Spider mites may damage drought-stressed corn

Minor spider mite injury is being found in scattered locations across Iowa in soybeans, but no injury has yet been reported in corn. Some areas, particularly in northwestern Iowa, are under drought stress and these fields also may develop economic infestations of spider mites. If mites do appear, a miticide may be necessary to control the population.

University of Nebraska entomologists Bob Wright, Jack Campbell, and Gary Hein have produced an economic threshold table based on spider mite research in Texas. Because we don't have any research on spider mites in Iowa corn, using this decision table may be helpful for Iowa producers.

In the field, first check 10 plants from five locations and record the number of leaves with mites. Calculate the percentage of leaves with mites. Determine the approximate market value of crop [= expected yield (bushels per acre) multiplied by the expected corn price (dollars per bushel)] and control costs (dollars per acre). If the percentage of leaves infested with mites is greater than the first value in the table (the black numbers), estimate the percentage leaf area infested with mites. Refer to the second value in the table (the red numbers); if the number for your field is greater than the second number, applying a miticide for mite control should be profitable. However, corn that has reached the dent stage is unlikely to benefit from an application for mite control. Insecticides labeled for mites in field corn are Capture® and dimethoate. Lorsban 4E®, a product recommended for spider mite control in soybeans, is NOT labeled for use on field corn. Read and follow all label directions.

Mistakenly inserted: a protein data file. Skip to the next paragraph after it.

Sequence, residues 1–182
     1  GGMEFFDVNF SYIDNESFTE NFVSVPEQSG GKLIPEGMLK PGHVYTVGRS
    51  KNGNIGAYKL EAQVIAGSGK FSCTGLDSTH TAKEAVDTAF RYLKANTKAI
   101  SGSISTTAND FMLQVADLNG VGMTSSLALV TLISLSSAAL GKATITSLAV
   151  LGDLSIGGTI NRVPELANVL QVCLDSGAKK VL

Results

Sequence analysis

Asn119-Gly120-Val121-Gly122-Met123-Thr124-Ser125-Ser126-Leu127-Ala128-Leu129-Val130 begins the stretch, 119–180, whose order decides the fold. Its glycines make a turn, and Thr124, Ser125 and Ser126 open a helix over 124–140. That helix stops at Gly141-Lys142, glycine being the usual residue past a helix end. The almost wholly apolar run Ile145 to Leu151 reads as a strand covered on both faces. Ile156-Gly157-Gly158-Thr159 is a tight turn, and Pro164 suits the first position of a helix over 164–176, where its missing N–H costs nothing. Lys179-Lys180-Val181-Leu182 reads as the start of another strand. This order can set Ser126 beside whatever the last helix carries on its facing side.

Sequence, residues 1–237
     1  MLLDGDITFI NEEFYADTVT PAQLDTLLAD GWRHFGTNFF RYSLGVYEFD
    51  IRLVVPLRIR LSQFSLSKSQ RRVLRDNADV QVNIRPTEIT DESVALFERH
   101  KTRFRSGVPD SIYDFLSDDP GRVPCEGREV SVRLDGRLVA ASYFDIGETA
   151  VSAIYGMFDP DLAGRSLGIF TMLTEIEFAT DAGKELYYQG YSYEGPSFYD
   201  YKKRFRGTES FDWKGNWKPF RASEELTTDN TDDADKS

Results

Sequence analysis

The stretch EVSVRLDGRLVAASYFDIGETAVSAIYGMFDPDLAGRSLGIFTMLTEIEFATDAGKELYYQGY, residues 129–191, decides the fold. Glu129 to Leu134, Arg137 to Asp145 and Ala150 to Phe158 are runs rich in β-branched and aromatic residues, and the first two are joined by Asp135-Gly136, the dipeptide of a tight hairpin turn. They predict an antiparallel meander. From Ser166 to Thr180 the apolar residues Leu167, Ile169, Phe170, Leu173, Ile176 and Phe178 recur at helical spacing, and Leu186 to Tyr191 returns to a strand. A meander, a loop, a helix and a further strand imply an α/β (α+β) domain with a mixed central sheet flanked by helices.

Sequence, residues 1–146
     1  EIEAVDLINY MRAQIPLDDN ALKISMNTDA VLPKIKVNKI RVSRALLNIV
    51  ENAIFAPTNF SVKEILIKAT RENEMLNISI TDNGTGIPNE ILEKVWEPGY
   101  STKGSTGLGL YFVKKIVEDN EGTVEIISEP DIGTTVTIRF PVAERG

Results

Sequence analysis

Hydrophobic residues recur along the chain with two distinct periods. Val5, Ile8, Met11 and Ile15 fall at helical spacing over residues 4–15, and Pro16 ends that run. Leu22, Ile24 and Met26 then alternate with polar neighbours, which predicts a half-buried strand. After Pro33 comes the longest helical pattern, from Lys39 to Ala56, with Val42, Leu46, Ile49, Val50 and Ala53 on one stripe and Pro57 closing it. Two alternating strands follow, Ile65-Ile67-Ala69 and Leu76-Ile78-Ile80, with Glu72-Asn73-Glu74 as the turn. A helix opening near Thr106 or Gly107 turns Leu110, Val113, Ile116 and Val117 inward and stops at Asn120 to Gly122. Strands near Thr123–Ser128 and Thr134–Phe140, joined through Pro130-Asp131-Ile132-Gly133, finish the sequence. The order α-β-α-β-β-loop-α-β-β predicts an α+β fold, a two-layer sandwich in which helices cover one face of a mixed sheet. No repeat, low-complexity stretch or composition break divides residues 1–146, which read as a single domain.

Economic injury levels for spider mites on corn based on percentage of infested leaves (black numbers) and percentage of total leaf area damaged (red numbers).

Market Value ($)
($) 200 300 400 500 600 700
5 158 105 74 63 53 42
10 2916 2010 158 126 105 84
15 4423 2916 2212 89 158 137
20 5931 3921 2916 2413 2010 179
25 7439 4926 3720 2916 2513 2111

Source: University of Nebraska

Marlin E. Rice is professor of entomology with extension and research responsibilities in field and forage crops.

This article originally appeared on page 234 of the IC-498(20) -- July 23, 2007 issue.

Updated 07/25/2007 - 9:17pm